Two Imperial alumni have won Academy Awards for their work in visual film effects.
Last month some of biggest megastars on the planet picked up their iconic statuettes at the annual pinnacle of the film industry. But in the mix amongst Oscar winners Daniel Day-Lewis, Ben Affleck and Anne Hathaway were some rather lesser known names and faces, who were also duly recognised by the Academy.
Two Imperial alumni, Allan Jaenicke and John-Paul Smith (Information Systems Engineering, 2000/2001) received Oscars in the Scientific & Technical Awards category for their work with visual effects software company Imagineer, which they both helped to establish soon after graduating from the College.
“Although what we do at Imagineer is within the film industry, we’re really quite removed from the glamorous end of it – we’re making tools that get used by visual effects artists who work directly on films, and even they don’t get much exposure,” says CEO John-Paul, with typical modesty.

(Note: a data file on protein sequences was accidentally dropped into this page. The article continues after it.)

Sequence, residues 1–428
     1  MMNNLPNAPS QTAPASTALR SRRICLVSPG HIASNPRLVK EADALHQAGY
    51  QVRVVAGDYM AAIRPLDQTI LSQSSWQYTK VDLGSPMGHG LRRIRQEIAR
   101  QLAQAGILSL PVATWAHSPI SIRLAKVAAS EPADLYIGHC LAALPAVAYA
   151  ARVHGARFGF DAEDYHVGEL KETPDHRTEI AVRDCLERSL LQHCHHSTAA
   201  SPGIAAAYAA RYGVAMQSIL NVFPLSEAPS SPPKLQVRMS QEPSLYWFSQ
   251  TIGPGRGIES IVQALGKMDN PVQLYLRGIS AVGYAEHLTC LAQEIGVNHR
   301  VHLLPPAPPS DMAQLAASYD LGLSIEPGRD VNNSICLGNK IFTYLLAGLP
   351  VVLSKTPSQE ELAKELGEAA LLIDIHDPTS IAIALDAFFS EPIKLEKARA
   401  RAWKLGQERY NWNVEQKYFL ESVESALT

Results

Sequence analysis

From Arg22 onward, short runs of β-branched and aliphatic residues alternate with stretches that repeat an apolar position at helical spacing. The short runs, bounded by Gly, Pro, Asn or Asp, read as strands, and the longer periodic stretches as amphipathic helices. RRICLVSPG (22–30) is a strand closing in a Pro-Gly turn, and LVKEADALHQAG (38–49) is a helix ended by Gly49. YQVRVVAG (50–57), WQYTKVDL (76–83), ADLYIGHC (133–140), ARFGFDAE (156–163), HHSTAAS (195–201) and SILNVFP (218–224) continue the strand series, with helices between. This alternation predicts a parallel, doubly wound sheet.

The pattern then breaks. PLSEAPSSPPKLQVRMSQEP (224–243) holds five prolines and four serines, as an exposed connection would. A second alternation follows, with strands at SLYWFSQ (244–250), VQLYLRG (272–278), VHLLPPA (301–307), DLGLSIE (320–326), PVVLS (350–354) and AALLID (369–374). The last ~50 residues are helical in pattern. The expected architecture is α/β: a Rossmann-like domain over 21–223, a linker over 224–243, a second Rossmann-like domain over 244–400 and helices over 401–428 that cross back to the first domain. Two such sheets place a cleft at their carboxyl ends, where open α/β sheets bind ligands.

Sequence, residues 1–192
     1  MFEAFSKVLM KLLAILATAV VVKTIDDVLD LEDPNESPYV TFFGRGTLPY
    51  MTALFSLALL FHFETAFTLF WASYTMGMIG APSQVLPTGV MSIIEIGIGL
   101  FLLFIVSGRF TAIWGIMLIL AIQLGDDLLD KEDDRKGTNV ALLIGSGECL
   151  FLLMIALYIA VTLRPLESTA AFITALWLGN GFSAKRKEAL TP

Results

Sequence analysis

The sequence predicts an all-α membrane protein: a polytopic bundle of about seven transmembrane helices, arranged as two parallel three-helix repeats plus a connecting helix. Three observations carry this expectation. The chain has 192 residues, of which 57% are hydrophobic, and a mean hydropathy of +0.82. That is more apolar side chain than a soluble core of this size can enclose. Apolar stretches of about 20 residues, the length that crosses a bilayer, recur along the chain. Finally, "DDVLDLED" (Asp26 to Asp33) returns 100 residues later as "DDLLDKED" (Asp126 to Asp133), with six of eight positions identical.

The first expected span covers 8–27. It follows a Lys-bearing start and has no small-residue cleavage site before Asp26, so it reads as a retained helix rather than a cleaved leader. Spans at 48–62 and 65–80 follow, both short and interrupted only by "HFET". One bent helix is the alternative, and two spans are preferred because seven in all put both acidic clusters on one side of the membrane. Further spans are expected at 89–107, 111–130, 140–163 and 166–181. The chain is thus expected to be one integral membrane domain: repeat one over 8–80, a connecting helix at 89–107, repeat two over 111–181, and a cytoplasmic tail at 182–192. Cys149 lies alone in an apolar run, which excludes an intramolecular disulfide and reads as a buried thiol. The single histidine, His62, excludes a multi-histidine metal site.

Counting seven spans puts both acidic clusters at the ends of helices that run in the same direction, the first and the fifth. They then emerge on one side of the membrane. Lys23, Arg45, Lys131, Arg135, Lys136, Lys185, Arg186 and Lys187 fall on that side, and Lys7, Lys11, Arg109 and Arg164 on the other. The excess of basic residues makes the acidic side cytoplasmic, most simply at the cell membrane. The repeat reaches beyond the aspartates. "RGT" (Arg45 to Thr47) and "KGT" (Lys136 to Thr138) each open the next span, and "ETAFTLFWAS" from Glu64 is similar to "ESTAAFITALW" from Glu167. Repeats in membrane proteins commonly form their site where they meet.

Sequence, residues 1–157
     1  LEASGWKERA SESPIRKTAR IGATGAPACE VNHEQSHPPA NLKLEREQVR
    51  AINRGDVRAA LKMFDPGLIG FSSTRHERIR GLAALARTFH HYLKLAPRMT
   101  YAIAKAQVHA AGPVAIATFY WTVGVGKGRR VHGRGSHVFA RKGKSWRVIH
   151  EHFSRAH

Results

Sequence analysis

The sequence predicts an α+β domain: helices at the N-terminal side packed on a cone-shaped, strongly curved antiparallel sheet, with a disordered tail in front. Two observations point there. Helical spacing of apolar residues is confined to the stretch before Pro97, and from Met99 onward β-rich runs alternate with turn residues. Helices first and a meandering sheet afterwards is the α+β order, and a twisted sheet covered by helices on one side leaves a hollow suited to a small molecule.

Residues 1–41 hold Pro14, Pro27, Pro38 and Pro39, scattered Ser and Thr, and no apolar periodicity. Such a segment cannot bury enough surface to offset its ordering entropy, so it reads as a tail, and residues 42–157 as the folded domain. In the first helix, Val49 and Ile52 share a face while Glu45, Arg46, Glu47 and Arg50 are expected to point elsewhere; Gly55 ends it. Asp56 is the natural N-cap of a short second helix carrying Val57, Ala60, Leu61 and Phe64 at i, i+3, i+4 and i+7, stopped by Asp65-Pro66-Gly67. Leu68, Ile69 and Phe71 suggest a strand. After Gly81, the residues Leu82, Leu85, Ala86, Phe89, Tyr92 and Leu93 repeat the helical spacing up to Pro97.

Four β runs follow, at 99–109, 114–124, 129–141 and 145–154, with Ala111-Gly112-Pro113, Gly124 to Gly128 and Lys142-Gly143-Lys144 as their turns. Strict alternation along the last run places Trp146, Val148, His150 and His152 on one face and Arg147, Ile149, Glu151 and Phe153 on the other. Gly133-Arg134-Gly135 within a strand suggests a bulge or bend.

The truth is that key scenes in films like Harry Potter, Black Swan, Bourne Legacy would not have been possible without techniques originally developed at Imagineer.
The company was actually founded in 2000 by Allan and his friend Dr Philip McLauchlan of the University of Surrey, based on ideas they had formed around image mosaics. The algorithms they developed allowed them to stitch together multiple still images to form a mosaic panorama. But the real breakthrough came when they used these algorithms to stitch together frames of a video clip from a tennis match, where the camera was following player Stefan Edberg moving around the court.
Although what we do at Imagineer is within the film industry, we’re really quite removed from the glamorous end of it